Jacket’s mom has asked me to help her find a job.
The request came in a text message “Do you knew anyone how hiding rigth now”the. Mind you, the motivation to text message has been revolutionary in improving Jacket’s mom’s literacy skills- but I had no idea what she was talking about. Then she said something about the store Target and finally she called me.
I spent a few minutes in a fever of excitement brainstorming ideas of getting her a job. She is capable of doing a lot of things. She’s amazing at cleaning (everyone comments on how perfectly tidy her apartment always is) and my first thought was of a job as a Homemaker (kind of like a Home Attendant) provided she didn’t have to cook or take anyone on public transportation. She could make sure people were bathed, help them with laundry, take them for a walk outside, etc.
But then of course there’s her temper. And her struggle with the abstract notion of telling time. Her challenges with visual-spacial processing, fluid reasoning, judgment and decision making skills… And her predisposition to scream really, really crazy and untrue shit when she feels backed into a corner— which is about every other day. There’s also all of those restraining orders (brought on by individuals and agencies) against her that I block out of my mind.
I’ve worked myself up into a tizzy thinking about it again. “It” being the elephant in the room. Her ACS case has been closed for over a year now and I don’t see another one being opened so I’m just going to say it- Jacket’s mom has Mild Mental Retardation (I’ve hinted sporadically). This is and was documented before I even met her. Yet after having her child in foster care for 17 months, she was never required to get services. Her attorney fought it. Once a worker said to me that she only is “Mild” which, as a psychologist who tests people for eligibility for OPWDD services each week, that’s like telling me she’s only kind of pregnant.
A lot of it has to do with no one wanting to say the “R” word out loud at meetings. This super sucks because it is particularly important to be upfront about the disability with people who are “just Mild” like Jacket’s mom. Being honest with them about their limitations ultimate allows them more independence (e.g. holding a job and then having money). And, yes- we’re slowing switching to “Intellectual Disability” (I’m talking to you- the horrified Aussies), but the medical/psychological term Mental Retardation remains a requirement for eligibility. People functioning in the Mild range of mental retardation can have very productive happy lives- get married, have kids, driver’s licenses, jobs— but support is almost always needed. They tend to do a very good job of “acting normal” and the disability might only be evident in small ways.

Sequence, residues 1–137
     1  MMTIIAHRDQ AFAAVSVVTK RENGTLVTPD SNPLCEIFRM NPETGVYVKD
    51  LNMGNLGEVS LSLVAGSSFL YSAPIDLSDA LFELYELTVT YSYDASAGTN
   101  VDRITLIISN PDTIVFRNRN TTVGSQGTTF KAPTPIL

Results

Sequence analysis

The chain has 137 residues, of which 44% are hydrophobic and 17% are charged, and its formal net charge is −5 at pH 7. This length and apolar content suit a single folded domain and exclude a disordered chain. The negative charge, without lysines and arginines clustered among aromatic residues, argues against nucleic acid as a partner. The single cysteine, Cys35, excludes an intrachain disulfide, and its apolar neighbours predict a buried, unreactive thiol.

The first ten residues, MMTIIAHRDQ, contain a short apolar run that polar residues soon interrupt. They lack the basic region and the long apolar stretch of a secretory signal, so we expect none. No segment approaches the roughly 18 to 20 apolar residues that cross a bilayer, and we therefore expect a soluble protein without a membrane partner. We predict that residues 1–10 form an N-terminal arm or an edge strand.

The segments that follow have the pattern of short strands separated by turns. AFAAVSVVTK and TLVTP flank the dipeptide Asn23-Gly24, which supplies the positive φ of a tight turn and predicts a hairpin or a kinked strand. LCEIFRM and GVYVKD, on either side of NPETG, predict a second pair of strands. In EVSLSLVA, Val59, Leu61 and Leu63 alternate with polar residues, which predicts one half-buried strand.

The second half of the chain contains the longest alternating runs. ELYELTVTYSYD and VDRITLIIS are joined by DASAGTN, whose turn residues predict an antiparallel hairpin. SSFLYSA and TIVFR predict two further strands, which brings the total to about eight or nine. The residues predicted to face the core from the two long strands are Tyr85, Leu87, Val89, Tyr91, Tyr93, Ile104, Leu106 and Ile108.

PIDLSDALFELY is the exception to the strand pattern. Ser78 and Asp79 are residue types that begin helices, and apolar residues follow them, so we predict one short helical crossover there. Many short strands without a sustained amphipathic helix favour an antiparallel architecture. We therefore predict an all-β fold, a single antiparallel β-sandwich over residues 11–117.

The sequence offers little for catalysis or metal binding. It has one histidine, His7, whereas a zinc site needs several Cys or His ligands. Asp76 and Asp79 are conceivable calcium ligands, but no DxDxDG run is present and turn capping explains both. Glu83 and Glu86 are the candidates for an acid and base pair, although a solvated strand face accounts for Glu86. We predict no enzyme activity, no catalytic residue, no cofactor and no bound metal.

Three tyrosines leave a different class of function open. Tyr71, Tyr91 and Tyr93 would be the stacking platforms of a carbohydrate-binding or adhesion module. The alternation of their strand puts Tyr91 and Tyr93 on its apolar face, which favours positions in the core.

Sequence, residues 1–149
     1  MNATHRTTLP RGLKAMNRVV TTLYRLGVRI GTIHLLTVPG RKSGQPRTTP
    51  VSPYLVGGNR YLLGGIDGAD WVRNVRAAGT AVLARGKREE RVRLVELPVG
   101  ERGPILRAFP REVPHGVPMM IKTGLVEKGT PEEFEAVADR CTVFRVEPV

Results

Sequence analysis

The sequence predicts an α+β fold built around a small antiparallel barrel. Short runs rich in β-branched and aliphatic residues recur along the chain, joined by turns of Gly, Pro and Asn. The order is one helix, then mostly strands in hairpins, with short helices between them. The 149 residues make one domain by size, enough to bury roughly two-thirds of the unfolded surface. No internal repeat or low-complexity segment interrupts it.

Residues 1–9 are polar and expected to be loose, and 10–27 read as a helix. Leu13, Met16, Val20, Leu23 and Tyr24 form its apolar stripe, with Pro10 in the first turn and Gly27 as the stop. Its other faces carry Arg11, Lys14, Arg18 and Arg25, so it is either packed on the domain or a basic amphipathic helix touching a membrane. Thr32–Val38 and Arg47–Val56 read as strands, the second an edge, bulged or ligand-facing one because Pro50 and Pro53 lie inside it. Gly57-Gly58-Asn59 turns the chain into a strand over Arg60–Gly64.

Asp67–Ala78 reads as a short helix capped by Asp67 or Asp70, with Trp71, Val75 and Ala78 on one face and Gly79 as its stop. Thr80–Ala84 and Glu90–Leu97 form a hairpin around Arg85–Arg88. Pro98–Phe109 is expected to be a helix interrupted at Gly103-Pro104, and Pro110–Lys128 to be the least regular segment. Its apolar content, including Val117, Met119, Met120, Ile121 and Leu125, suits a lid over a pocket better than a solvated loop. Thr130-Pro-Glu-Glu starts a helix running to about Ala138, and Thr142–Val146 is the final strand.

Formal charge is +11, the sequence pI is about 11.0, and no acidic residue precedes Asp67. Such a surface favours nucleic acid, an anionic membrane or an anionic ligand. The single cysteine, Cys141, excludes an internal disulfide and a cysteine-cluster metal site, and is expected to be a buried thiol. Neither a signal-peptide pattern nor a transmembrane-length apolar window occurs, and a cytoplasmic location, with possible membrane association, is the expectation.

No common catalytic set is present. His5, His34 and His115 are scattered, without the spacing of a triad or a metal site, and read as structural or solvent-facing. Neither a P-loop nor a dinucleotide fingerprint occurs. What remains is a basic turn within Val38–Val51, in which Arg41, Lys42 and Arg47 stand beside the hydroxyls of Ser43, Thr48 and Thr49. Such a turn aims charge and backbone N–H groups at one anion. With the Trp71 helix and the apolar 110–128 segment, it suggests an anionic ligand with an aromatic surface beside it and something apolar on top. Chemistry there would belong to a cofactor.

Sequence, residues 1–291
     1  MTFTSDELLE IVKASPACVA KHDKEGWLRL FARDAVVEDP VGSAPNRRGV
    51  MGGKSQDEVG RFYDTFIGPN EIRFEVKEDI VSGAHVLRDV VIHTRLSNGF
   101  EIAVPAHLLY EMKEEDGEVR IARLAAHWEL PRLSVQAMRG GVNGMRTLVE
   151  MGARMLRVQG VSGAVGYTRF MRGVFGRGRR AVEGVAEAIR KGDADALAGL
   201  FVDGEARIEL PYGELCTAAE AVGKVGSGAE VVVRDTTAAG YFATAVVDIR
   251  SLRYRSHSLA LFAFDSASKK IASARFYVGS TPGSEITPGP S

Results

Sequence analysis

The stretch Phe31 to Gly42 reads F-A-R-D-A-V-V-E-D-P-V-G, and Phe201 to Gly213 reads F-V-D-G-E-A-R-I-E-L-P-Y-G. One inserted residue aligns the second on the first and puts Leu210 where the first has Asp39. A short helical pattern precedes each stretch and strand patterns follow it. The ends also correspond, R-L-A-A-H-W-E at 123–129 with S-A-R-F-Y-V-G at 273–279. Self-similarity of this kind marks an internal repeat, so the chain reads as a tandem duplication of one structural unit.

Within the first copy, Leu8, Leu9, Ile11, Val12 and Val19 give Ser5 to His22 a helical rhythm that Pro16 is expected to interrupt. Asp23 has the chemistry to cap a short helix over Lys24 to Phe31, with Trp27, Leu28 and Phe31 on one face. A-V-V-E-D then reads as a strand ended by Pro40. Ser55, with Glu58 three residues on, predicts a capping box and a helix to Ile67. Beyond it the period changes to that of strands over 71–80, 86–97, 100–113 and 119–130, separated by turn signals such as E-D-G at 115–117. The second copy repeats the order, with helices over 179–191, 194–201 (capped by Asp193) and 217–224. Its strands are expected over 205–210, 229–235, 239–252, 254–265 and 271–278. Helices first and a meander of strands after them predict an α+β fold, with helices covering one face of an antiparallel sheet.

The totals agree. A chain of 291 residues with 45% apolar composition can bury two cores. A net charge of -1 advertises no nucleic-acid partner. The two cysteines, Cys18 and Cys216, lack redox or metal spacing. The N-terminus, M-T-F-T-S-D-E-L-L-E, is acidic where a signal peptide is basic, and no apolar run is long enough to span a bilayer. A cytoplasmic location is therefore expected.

Jacket’s mom is ELIGIBLE for soooooooooooooooooooooo much. With Willowbrook (yep, that’s a very young Geraldo) still in people’s memories here in New York, funding for OPWDD services remains strong. And, after seeing how well Jacket’s mom took to the visitation coach (and now me), I know that she could and would benefit significantly from a wide variety of supports.
At the very least, Jacket’s mom will probably always require a job coach in order to keep a position longer than a few weeks. A job coach liaisons with a place of business and smooths over all of the frequent issues that come up between folks with Mental Retardation and their employers. If I was completely batshit crazy and didn’t have any boundaries, I would try to be that person for Jacket’s mom. I’ve already pictured it several times at parent-teacher conferences… in addition to conflict resolution, the main roles of a job coach is to educate others about the disability so that they will be more flexible and understanding.
Step One- tell Jacket’s mom that she has a disability. And it’s ok, lots of people do- for lots of different reasons (e.g. lead poisoning, birthing trauma, seizures). It’s really about getting over our own stigma. We don’t mind talking about people with Traumatic Brain Injuries… if it happens prior to age 21, guess what- you’re labeled with Mental Retardation. Same thing. No. Big. Deal. (people tend to freak when I tell them that) The government is here with lots of money for you. And housing. And food stamps. And jobs even though so many typically developed people can’t get jobs.
Avoiding her disability didn’t do her any favors.
Anyway, I’ll get off my soapbox now. I already gave those of you who are child welfare workers my public service announcement (note- Sinergia no longer does parent coaching) a year ago so I’ll stop now. :)
Deep breath. I just have to stick with my original goal which is simply to be a supportive person in Jacket’s life.
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- hershapeinthedoorway said: You go! My uncle has aspergers/bipolar so obviously needs a lot of help, but has been able to work for the past 20 years (he’s about 45), which is HUGE for someone with his disabilities. It IS possible, it just requires a network of support!
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- impossible-soul said: v. informative, thanks for sharing this!
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- surelock said: Just an idea, but it’s possible the mom wouldn’t know that job coaches aren’t something everyone gets? Could you help hook her up with one that way? And this was such a good post.
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